When you click a tag in Photo Gallery, all photos with that tag will be brought up. That is also the case in OneDrive. Well, it will be. You might get something like this:


I do have some photos in my OneDrive that were taken in Athens, GA and they are tagged that way, but OneDrive can’t locate them presently. Mind you, OneDrive is still new at this and there are millions and millions of tagged photos out there for many, many users.

Note in the above illustration that there is a Tags link in the menu bar. When you go to your OneDrive you won’t see that until you click Photos in the left navigation pane to take you to your photos area. When you click the Tags link you may see something like this:


Notice the text: “Add photos to OneDrive and they’ll be automatically tagged for you to view here. You can also add your own tags to photos to help you find them.” – I added the emphasis.  Yes, OneDrive will “inspect” the photos, decide what they show and add tags. In my OneDrive it added “People”, Outdoors”, Animal”, “Text”, “Fire”, “Building”, “Watch”, “Car”, Wheel”, “Bus”, “Crowd”, and many others.

Of course, I had to run some tests. Overall it did surprisingly well! Here is one of my test groups:


For my first selfie OneDrive added the tags #People and #Portrait, to use the OneDrive nomenclature. The second selfie, a very graphic black-and-white image it did not tag.

OneDrive-Tags-15The car wheel got #Wheel added, but not car. Elsewhere it correctly found car photos. The close-up of the watch face was tagged #Watch, but the other photo containing the same watch was not labeled. It did not confuse the coaster photos and did not tag them although these could be mistaken as clock faces. OneDrive did make one amusing mistake. A photo of an ornament came up tagged #Watch. It does look like an old-fashioned pocket watch case. Who would have thought that OneDrive knows about those.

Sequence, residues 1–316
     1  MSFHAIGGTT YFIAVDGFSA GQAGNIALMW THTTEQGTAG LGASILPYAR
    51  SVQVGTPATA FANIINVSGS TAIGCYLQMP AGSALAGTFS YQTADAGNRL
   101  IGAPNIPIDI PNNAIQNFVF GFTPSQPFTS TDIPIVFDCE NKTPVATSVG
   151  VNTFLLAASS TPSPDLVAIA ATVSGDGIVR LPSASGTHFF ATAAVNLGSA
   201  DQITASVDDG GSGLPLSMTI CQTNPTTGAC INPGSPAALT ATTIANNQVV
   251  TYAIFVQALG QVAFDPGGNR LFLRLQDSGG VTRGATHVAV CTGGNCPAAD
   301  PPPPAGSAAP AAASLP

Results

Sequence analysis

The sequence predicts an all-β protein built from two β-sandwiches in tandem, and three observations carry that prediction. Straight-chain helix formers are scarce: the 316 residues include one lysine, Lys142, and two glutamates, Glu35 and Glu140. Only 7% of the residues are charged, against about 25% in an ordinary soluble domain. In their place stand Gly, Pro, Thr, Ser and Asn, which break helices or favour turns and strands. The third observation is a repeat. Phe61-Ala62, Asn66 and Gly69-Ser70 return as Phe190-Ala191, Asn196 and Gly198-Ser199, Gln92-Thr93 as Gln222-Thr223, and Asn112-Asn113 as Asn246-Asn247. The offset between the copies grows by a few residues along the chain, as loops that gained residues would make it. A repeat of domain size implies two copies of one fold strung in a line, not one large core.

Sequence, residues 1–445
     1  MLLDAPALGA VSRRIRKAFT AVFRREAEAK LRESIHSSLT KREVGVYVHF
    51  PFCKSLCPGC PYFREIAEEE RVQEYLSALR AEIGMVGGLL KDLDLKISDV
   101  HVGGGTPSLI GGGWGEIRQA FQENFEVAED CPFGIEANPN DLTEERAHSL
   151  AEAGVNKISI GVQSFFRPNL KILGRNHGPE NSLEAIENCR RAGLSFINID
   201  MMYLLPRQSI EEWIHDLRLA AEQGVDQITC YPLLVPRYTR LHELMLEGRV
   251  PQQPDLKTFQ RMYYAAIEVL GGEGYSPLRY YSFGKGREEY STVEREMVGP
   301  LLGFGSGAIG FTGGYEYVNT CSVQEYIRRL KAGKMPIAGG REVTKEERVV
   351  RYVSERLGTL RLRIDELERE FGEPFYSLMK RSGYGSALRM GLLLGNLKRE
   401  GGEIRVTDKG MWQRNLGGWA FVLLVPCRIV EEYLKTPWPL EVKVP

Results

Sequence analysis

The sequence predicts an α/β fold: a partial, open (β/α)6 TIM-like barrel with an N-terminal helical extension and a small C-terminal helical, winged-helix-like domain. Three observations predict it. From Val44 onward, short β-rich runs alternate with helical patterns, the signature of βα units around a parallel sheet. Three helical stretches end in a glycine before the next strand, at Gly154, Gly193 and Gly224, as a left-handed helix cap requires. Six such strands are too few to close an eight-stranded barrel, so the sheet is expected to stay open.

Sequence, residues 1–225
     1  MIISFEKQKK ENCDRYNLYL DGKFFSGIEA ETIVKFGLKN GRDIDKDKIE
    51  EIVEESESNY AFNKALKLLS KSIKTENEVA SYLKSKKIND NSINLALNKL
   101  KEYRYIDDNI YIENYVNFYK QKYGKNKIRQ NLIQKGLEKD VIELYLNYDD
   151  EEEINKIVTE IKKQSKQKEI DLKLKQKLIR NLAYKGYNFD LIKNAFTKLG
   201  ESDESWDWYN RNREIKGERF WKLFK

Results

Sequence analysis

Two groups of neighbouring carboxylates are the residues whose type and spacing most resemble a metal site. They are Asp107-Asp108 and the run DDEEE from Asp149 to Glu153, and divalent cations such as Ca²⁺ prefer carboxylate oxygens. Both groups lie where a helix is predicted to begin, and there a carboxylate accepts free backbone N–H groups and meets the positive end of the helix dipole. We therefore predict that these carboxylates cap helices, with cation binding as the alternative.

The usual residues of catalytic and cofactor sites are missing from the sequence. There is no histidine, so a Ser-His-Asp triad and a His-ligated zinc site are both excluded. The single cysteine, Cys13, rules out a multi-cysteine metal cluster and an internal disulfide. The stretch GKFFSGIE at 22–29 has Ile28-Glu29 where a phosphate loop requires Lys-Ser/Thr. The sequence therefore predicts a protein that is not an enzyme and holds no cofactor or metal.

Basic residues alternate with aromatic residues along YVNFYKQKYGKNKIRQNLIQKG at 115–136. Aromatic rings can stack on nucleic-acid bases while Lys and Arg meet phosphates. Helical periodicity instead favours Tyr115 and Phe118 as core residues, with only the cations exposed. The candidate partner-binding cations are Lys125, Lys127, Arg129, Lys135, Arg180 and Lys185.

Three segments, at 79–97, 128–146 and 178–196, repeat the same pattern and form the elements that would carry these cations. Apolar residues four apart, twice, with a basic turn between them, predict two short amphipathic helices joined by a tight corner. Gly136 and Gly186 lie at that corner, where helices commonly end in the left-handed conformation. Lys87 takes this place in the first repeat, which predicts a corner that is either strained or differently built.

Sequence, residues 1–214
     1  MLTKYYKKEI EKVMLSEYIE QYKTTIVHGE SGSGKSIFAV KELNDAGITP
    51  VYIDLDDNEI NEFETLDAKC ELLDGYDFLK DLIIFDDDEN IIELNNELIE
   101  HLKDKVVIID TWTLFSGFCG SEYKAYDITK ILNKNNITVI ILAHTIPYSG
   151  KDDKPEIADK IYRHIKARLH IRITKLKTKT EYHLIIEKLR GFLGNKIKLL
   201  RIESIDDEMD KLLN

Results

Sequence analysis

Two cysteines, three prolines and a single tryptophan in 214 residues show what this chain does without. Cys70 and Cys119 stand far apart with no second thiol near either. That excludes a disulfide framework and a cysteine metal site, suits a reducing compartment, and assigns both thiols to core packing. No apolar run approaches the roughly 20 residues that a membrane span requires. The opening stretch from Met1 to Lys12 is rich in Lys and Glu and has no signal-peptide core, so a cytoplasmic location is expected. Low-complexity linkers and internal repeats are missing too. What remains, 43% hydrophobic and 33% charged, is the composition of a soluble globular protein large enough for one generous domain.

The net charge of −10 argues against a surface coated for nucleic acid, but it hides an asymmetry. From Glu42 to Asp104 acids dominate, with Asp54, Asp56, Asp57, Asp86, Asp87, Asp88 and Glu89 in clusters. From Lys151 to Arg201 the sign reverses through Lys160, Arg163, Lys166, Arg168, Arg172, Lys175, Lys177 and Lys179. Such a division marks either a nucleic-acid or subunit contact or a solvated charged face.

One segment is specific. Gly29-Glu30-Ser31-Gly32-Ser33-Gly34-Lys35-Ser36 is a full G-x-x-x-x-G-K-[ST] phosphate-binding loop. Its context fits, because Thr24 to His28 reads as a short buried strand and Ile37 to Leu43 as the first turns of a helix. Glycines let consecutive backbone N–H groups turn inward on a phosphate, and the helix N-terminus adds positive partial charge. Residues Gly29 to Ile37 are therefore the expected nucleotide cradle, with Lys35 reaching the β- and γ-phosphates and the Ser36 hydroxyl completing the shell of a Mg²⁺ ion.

The graphic of the little house got #Building and #Outdoors but it was not tagged “house”. The eagle etching did not get tagged.

Now for the most interesting part. There are two photos showing text entry menu displays on a couple of cameras. These where tagged #Text and #Sign. In addition most of the text was correctly extracted as you can see here:


Individual symbols, numerals, and letters it ignored, but other text was correctly identified. It struggled some with the input icon and the OK symbol, but I was impressed. It did less well with the other photo, skipping the word “Input” and parts of the black text. The last photo, my “personalized” camera function dial, did not get the “text” or “sign” tags, but my name was correctly extracted.

OneDrive may not be quite there yet in the little details and some of the searches, but the ability to search by tags and text inside photos makes it potentially very useful in managing photos.


© 2015 Ludwig Keck

Posted in OneDrive, Photos, Searching | Tagged , , , , , | 5 Comments